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Emigrants and Exiles: Ireland and the Irish Exodus to North America

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Emigrants and Exiles: Ireland and the Irish Exodus to North America Cover

 

Synopses & Reviews

Publisher Comments:

The first "translantic" history of the Irish, Emigrants and Exiles promises to become a landmark in our understanding of this important emigration movement.

From the early 1600s to the early 1900s, no fewer than seven million people emigrated from Ireland to north America. This vast flow amounted to much more than mere numbers: it at once reflected and compelled enormous social changes on both sides of the Atlantic. Emigrants and Exiles chronicles the momentous causes of the Irish emigration and its far-reaching impact--on the people themselves, on the land they left behind, and on the new one they came to.

Drawing on enormous original research, Kerby Miller focuses on the thought and behavior of the "ordinary" Irish emigrants, Catholic and Protestant, as revealed in their personal letters, diaries, journals and memoirs as well as in their songs, poems, and folklore. He finds that while many were eager newcomers to "the land of promise," many more saw themselves as involuntary "exiles" who had been forced to leave Ireland by cruel fate or British oppression. The exile mentality, Miller shows, was deeply rooted in Irish history, culture, and personality, and it profoundly affected the traumatic course of modern Irish history even as it shaped the Irish-American experience in very particular ways. The impressive scope of Miller's work embraces all the successive waves of Irish emigration, and he fills the book with rich human detail.

About the Author:Kerby A. Miller is Associate Professor of History at the University of Missouri, Columbia.

Synopsis:

Rich in human detail, penetrating in analysis, this book is social history on an epic scale. The first "transatlantic" history of the Irish, Emigrants and Exiles offers the fullest account yet of the diverse waves of Irish emigration to North America.

Drawing on enormous original research, Miller focuses on the thought and behavior of the "ordinary" Irish emigrants, as revealed in their personal letters, diaries, journals, and memoirs as well as in their songs, poems and folklore. Miller shows that the exile mentality was deeply rooted in Irish history, culture and personality, and it profoundly affected both the traumatic course of modern Irish history and the Irish experience in America.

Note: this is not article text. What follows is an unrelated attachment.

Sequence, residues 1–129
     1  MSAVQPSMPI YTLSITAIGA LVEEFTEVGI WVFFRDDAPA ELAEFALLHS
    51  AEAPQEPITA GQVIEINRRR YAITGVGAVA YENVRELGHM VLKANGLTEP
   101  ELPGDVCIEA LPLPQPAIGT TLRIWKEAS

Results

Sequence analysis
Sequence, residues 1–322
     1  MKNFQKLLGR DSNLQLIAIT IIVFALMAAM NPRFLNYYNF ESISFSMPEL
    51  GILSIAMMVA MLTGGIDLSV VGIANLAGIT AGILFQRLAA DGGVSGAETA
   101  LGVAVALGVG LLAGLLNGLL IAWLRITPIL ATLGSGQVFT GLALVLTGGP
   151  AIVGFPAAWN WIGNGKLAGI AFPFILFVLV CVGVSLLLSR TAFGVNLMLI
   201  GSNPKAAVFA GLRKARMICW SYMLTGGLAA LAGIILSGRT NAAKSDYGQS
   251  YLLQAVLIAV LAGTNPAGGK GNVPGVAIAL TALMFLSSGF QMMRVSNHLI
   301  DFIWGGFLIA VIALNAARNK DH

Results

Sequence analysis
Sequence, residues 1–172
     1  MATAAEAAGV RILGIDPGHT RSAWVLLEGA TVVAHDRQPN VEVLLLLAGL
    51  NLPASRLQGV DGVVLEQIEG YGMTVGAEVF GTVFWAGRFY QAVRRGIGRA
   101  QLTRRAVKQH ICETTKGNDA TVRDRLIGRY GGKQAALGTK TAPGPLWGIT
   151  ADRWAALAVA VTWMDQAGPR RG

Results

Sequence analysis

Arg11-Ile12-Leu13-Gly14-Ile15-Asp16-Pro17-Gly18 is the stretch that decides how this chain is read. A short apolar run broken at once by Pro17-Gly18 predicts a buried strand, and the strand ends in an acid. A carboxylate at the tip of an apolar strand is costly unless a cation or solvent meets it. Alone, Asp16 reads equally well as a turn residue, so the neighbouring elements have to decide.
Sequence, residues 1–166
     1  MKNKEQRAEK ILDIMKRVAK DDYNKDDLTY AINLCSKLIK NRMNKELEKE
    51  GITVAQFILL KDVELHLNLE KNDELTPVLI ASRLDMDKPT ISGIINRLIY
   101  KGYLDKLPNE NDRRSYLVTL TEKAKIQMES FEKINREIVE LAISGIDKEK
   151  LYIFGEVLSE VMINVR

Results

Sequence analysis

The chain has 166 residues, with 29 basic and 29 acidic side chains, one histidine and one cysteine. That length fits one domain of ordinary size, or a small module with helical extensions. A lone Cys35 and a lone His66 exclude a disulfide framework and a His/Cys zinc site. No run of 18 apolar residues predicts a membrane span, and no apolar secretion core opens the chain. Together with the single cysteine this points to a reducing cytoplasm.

Synopsis:

The first "translantic" history of the Irish, Emigrants and Exiles promises to become a landmark in our understanding of this important emigration movement.

From the early 1600s to the early 1900s, no fewer than seven million people emigrated from Ireland to north America. This vast flow amounted to much more than mere numbers: it at once reflected and compelled enormous social changes on both sides of the Atlantic. Emigrants and Exiles chronicles the

momentous causes of the Irish emigration and its far-reaching impact--on the people themselves, on the land they left behind, and on the new one they came to.

Drawing on enormous original research, Kerby Miller focuses on the thought and behavior of the "ordinary" Irish emigrants, Catholic and Protestant, as revealed in their personal letters, diaries, journals and memoirs as well as in their songs, poems, and folklore. He finds that while many were

eager newcomers to "the land of promise," many more saw themselves as involuntary "exiles" who had been forced to leave Ireland by cruel fate or British oppression. The exile mentality, Miller shows, was deeply rooted in Irish history, culture, and personality, and it profoundly affected the

traumatic course of modern Irish history even as it shaped the Irish-American experience in very particular ways. The impressive scope of Miller's work embraces all the successive waves of Irish emigration, and he fills the book with rich human detail.